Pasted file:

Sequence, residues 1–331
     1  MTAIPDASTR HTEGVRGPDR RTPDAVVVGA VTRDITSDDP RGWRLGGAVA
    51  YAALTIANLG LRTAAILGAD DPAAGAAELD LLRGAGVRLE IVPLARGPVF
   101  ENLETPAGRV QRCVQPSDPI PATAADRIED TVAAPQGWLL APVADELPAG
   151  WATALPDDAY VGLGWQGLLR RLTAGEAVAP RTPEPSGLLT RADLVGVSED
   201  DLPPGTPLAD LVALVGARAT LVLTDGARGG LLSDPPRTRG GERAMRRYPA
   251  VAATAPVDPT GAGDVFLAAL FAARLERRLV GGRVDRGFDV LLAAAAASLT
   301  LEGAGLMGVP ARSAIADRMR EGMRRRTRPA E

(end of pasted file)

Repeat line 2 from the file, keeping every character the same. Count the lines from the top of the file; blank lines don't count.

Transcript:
     1  MTAIPDASTR HTEGVRGPDR RTPDAVVVGA VTRDITSDDP RGWRLGGAVA